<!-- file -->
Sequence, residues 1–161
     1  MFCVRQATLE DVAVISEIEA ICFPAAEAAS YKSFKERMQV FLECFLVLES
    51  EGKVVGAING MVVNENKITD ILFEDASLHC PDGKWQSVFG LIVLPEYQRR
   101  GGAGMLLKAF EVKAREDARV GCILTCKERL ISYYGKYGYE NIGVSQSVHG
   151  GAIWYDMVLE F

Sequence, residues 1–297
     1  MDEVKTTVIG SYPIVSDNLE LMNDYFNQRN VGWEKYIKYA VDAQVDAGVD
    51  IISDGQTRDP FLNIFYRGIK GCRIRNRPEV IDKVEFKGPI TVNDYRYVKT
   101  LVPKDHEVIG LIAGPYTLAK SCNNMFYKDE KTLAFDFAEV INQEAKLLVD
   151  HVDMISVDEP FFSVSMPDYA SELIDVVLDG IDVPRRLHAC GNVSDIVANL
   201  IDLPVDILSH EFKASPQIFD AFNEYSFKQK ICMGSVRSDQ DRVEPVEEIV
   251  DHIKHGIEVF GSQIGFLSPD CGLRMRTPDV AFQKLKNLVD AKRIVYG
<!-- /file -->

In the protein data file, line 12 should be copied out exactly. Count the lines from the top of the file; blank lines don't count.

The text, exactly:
   251  DHIKHGIEVF GSQIGFLSPD CGLRMRTPDV AFQKLKNLVD AKRIVYG